I have a different problem, of my own making, I have misplaced my only key for my 2008 Smart. I loaded it on the flatbed and then drove a different truck to our new home in Arizona, from Vermont.  I thought I left the key in one of the 3 vehicles in Vermont but now I cant find it! Any way to do away with the stupid chip key and just put in a different switch I may have to lift the car off the trailer next week when I get it to Arizona because I need the trailer.

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  • 8 months later...
  • 2 weeks later...

Well, it seems with our maiden trip to the WCR completed and our confidence increasing, we are in the hunt for a Smart(driving the Volvo to Walmart isnt the fun I prefer, although very doable).  Found a nice low mileage 453(not easily done right now) and so ready to order some ramps in anticipation.  I have found the more popular are Discount Ramps 12'L X 12"W folding ramps.  Now to determine the better approach to tying it down.  We will have alloy wheels so not sure if baskets or through straps are better.  Any opinions out there?  I will be making my own chocks to add the ratchets to.

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5 hours ago, GeorgiaHybrid said:

I use over the wheel straps. The baskets can give you issues with the brake lines, and I have never liked putting straps thru the wheel. There is too much of a probability that the straps will rub the finish on the wheel.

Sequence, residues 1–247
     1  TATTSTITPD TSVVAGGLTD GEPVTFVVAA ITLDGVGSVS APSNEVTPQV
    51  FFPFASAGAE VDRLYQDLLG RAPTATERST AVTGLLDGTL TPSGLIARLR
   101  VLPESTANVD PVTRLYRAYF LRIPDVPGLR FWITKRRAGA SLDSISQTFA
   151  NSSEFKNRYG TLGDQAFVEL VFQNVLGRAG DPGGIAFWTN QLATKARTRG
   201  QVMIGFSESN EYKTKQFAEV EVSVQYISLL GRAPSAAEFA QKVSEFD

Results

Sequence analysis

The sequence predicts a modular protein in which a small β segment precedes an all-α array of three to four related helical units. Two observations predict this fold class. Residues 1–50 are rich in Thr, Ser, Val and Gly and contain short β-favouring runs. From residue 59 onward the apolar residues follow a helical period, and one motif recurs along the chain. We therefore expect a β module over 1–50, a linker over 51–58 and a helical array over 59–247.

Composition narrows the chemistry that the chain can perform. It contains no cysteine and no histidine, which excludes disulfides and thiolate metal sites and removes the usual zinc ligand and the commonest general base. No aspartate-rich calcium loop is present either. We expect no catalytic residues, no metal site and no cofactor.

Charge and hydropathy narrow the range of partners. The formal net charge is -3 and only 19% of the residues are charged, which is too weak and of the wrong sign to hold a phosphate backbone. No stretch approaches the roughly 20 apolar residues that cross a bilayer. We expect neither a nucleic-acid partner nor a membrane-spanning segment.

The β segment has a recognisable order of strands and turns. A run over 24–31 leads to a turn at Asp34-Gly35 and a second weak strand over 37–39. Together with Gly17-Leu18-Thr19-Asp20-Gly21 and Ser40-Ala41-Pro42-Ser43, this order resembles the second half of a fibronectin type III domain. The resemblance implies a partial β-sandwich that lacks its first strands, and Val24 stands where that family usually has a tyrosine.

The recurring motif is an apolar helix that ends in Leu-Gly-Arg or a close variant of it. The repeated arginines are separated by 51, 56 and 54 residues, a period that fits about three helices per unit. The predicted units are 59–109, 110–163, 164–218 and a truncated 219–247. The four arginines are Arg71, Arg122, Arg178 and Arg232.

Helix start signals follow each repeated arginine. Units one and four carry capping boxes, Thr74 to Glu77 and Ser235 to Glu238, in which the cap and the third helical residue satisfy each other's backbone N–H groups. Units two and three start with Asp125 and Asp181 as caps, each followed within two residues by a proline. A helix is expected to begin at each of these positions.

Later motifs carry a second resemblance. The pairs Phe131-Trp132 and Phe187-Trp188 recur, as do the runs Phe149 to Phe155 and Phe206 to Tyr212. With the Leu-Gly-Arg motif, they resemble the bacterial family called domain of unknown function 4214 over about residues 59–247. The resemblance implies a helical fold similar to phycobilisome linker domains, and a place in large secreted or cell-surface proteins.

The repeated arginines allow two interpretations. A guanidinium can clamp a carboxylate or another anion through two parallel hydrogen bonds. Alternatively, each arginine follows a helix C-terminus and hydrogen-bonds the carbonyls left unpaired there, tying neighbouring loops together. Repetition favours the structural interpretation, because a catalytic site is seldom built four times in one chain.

Same here.  Did the "through the wheel" thing for a while and often the wheel would turn just a bit and loosen the strap.  Since going over the tire with a single strap, we've never had a strap loosen.

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Here's an example.  https://www.uscargocontrol.com/products/car-carrier-strap-w-wire-hooks-adj-rubber-blocks-ratchet

I used separate straps and ratchets, mounting the ratchet to the bed, and storing the straps in the tool box when not in use.  The rubber blocks make the strap quite secure.  In fact, I'm making up a similar arrangement for the wife's Spyder.

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Thank you so much for this post! I was able to remove the solenoid at work so I could power down my 2017 Smart EV so that I had enough range to make it home since it was draining my high voltage battery fast. Wasn't able to find a new battery anywhere except for Mercedes. The solenoid was red hot and completely failed after installing the new battery so I removed it.

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I used Mac's Custom Tie Downs.

https://www.macscustomtiedowns.com/collections/straps/products/tire-block-strap-121810?variant=32324062871626

I got 2"X 7' straps...didn't need 10' for the Smart. Also got the twisted S hook on the one end. Call them and tell them what length you want. Single strap with 3 rubber blocks using their lashing winches. If you get the lashing winches like we did you need to specify right and left. They recommend one foot of strap to wrap on the winch. They had a pretty long lead time when we ordered. If you're willing to pay for expedited shipping you go to the front of the line. They are great guys and have nice stuff. I believe Georgia Hybrid uses the same ones.

Edited by unimog1300